I had to sit with this one for a while. I enjoy Therese Beharrie’s writing so much, but the structure of One Last Chance was a struggle for me at first. By the end of the book I was genuinely in love with it.
One Last Chance is the final book in Beharrie’s One Day to Forever series about the Roux sisters. I have only read the last two books, and I think they are pretty stand alone. After a long illness, their father has died which sends each of the sisters into their own sort of tailspin. Beharrie does a wonderful job of exploring the lingering impact of grief and the way people handle it differently.
Zoey Roux is the baby of the family and she saw her role as the happy, impulsive sister. In an attempt to avoid her feelings right after her father’s death, she jumped into a marriage with her best friend Sawyer, who has his own grief issues, having been orphaned young. Zoey left Sawyer after three months, but the pair never divorced. Six years later, Zoey has grown and matured and asks Sawyer for a divorce. Over the course of a day in which they are forced together several times, they talk through their marriage, why she left, and how they feel about each other. Inter cut with the day are events from their past.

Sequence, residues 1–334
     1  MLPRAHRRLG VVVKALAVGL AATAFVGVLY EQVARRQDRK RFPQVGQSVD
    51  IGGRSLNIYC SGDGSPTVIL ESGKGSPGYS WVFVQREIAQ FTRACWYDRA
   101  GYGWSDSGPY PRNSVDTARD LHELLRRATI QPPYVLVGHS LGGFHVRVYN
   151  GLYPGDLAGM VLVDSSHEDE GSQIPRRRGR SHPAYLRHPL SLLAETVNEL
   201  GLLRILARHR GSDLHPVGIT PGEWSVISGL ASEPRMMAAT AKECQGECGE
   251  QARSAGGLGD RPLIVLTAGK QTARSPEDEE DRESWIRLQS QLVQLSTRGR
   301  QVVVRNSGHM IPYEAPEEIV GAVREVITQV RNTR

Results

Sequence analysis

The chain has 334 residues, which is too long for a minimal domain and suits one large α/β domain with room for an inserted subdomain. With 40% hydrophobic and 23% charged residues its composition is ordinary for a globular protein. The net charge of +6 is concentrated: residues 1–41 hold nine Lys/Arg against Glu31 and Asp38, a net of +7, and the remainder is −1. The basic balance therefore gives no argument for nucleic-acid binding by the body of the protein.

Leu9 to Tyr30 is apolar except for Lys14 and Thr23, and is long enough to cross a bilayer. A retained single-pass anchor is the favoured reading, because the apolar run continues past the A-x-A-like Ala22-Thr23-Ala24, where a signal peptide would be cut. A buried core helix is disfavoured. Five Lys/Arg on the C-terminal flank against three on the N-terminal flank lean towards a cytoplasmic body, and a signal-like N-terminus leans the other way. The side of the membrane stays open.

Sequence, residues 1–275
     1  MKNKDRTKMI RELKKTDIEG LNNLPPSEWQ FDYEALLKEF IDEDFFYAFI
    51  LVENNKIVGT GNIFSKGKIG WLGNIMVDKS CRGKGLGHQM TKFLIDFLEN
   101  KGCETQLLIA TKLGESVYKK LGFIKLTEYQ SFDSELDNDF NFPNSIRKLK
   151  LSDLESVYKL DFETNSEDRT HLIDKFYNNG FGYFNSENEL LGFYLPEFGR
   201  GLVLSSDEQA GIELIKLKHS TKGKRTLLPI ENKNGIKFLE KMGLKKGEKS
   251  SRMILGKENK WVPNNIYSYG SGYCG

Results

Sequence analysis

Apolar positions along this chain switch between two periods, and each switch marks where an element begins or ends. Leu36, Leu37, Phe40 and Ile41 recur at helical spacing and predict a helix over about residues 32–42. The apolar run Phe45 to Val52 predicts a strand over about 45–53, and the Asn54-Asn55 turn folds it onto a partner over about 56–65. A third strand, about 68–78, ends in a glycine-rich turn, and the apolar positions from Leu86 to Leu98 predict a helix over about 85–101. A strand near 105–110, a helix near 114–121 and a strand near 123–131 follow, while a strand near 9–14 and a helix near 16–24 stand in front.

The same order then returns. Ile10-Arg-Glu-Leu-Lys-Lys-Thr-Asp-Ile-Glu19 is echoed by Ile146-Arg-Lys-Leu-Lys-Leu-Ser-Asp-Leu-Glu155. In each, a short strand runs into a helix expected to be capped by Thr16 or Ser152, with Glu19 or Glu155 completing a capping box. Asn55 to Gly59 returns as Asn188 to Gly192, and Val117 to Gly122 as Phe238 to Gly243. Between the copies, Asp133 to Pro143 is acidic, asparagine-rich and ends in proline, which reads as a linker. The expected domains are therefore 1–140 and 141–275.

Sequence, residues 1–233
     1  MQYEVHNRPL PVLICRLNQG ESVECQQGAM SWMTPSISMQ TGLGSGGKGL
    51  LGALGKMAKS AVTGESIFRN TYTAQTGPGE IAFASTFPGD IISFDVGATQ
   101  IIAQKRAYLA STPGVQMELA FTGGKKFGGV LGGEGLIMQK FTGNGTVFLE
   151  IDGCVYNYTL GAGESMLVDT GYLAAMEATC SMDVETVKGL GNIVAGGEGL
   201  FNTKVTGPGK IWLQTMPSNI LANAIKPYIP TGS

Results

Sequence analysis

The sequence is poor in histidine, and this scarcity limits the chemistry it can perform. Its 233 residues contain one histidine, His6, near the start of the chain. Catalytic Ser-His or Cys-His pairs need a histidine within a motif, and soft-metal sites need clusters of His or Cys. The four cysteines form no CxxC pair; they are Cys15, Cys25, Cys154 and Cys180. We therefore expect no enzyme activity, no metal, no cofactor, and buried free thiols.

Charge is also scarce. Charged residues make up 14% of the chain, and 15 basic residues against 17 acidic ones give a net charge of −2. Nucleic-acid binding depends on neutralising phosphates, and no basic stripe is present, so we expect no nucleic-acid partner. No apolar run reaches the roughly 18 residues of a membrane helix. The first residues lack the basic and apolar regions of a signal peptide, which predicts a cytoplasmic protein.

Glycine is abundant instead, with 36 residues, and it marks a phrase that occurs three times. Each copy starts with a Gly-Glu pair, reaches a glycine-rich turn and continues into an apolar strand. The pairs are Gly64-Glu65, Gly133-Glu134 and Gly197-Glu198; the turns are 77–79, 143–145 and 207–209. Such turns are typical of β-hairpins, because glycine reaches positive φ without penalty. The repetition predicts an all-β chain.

Initially, I was frustrated with the flashbacks. As I read, I saw what Beharrie was doing – showing how two good people could hurt each other without either being a bad guy. The difficulty with second chance romances and marriage in trouble romances is illustrating a conflict significant enough to separate the characters and showing the growth that makes a Happily Ever After believable. To give nuance and depth to the conflict between Zoey and Sawyer, Beharrie needed to show those moments that led to their marriage and their separation and I needed to see the years long connection between them to believe that asking for a divorce after a 6 year separation would be painful. The whole story woven together is a lovely and redemptive look at grief and the importance of letting ourselves and others feel our feeling.
If you haven’t read Therese Beharrie yet, I strongly encourage you to do so. In One Day to Fall and One Last Chance, Beharrie sends you on a roller coaster ride with women who are very much themselves and the men who love them for it.